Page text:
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Category Archives: Prestige Pictures
Caution: this review contains major spoilers for the film.
It’s hard to talk about Arrival without spoiling the film. So much of what makes it more than just a well-done first contact story is tied up in its later developments. They recontextualize enough of the prior proceedings that trying to discuss the import or quality of the film without taking it as a whole is like trying to give someone directions without letting them know the destination.
But its premise is deceptively straightforward. In the world of Arrival, aliens have come to Earth in twelve ships scattered across the globe. Louise Banks (Amy Adams) is a linguist brought by the U.S. Military to a ship located in Montana, in an attempt to help humanity communicate with this extraterrestrial presence. With the help of theoretical physicist Ian Donnelly (Jeremy Renner) and a buffer provided by Colonel Weber (Forest Whitaker), Banks slowly but surely finds ways to speak with these seemingly unknowable beings, with the American team alternatively working with and against similar groups around the world attempting the same.
Growing up is hard enough. Figuring out who you are, figuring out the balance between what’s deep and held fast in your soul and what you’re willing to share with the world, is a difficult endeavor under the best of circumstances. Coupling that with the difficulties of living in a household of addiction, of a sexual preference that earns you added scorn, turns an already fraught journey into a cruel and unforgiving one.
Despite the harshness of these troubles, Moonlight finds the beauty forged within that crucible, the kindnesses large and small and the transcendent moments and connections, that give a sweet, put upon young boy something to hold onto as he becomes a man. Despite the aesthetic pleasures of Moonlight’s gorgeously-shot scenes, it is, at times, an ugly, dispiriting film, but ultimately a life-affirming one. It centers on the unique challenges of its protagonist, struggling to define himself, and finding his way among the pitfalls and small graces of growing up.
You’ve seen Hidden Figures before. Maybe you haven’t seen this exact movie — about how three unduly unheralded African American women helped NASA in the early 1960s — but if, like me, you dutifully watch the slate of Oscar-nominated films year after year, then within ten minutes you’ll already know this movie by heart.
It features a gutsy but unorthodox protagonist trying to make a dent in a system that marginalizes and ignores her. It’s a period piece, with enough obvious dialogue, details, and cameos from well-known historical figures to let the audience know exactly when the story is taking place, with plenty of opportunities for the viewer to say, “My, how far we’ve come.” It has supporting characters facing challenges that mirror the protagonist’s, shining more light on the ways in which the order of the day affected those who were quietly fighting to maintain their place in it. And it has the standard untold story/historical injustice angle, intended to imbue the film with an extra bit of triumph and tragedy, all unleashed with a heavy dose of Hollywood mythmaking.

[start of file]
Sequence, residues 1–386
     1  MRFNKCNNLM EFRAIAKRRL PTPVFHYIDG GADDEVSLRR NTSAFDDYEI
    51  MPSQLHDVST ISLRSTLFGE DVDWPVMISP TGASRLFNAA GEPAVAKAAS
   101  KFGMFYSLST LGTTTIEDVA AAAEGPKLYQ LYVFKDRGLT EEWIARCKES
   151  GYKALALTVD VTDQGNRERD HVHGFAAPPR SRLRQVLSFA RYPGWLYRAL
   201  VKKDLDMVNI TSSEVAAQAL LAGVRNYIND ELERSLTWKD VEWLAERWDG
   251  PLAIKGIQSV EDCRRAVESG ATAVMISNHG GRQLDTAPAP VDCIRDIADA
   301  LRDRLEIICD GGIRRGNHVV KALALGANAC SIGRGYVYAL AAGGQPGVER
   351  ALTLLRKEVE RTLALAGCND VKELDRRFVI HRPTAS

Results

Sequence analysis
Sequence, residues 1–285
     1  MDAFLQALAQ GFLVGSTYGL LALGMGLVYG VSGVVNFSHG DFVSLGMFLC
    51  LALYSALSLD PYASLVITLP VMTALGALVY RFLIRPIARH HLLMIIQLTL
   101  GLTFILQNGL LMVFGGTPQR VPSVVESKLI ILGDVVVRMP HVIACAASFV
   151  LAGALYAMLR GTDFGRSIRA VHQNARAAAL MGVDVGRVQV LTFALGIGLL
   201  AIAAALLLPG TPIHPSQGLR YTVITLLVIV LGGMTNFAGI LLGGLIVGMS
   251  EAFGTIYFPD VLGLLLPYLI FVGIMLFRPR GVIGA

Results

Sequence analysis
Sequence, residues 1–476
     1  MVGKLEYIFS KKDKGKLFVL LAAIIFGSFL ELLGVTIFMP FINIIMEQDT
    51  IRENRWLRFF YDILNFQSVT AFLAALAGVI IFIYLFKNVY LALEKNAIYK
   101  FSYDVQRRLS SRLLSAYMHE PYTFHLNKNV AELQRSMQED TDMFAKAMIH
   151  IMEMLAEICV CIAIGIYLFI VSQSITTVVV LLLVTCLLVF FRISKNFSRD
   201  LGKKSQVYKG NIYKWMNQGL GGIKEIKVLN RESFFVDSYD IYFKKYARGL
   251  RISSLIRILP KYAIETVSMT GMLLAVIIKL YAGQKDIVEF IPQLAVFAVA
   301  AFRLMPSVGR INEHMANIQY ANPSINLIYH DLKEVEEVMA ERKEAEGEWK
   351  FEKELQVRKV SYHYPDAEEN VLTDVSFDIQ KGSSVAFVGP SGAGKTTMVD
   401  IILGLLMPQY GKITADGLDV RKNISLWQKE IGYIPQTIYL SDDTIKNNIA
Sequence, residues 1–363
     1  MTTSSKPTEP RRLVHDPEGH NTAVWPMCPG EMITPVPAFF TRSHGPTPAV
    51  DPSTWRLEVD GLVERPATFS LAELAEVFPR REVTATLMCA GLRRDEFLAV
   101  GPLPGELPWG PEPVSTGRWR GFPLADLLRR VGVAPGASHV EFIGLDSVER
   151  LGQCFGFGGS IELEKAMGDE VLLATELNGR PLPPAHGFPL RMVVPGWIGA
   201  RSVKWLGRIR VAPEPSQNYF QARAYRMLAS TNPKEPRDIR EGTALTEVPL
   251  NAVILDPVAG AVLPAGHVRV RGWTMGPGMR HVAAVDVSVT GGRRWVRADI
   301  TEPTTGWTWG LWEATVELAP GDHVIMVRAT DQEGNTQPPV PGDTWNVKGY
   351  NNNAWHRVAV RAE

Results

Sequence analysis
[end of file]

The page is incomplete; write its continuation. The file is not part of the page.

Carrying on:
The difference, and the thing that distinguishes Hidden Figures from the likes of The Imitation Game, Dallas Buyers Club, and other recent Oscar nominees that play in the same space is that it uses the power of that formula in support of a woman of color. At a time when the world of film is still lingering in the shadow of the #OscarsSoWhite controversy, it’s encouraging that Taraji P. Henson is cast as the star of a movie that follows the Oscar-approved blueprint and succeeds at the box office and the awards table in the process. It’s just a shame that the film’s artistic merit can’t match its social merit.
It’s hard to say how much knowing what happens in a story affects our enjoyment of it. We live in the age of the spoilerphobe, where nerds like me abandon social media in the days leading up to a major release for fear of having significant plot points or major twists revealed too soon. But in Shakespeare’s day, everyone more or less knew the ending ahead of time, and the lack of novelty didn’t lessen the draw. That’s a reminder that what the story is need not, and arguably should not, overshadow how the story is told.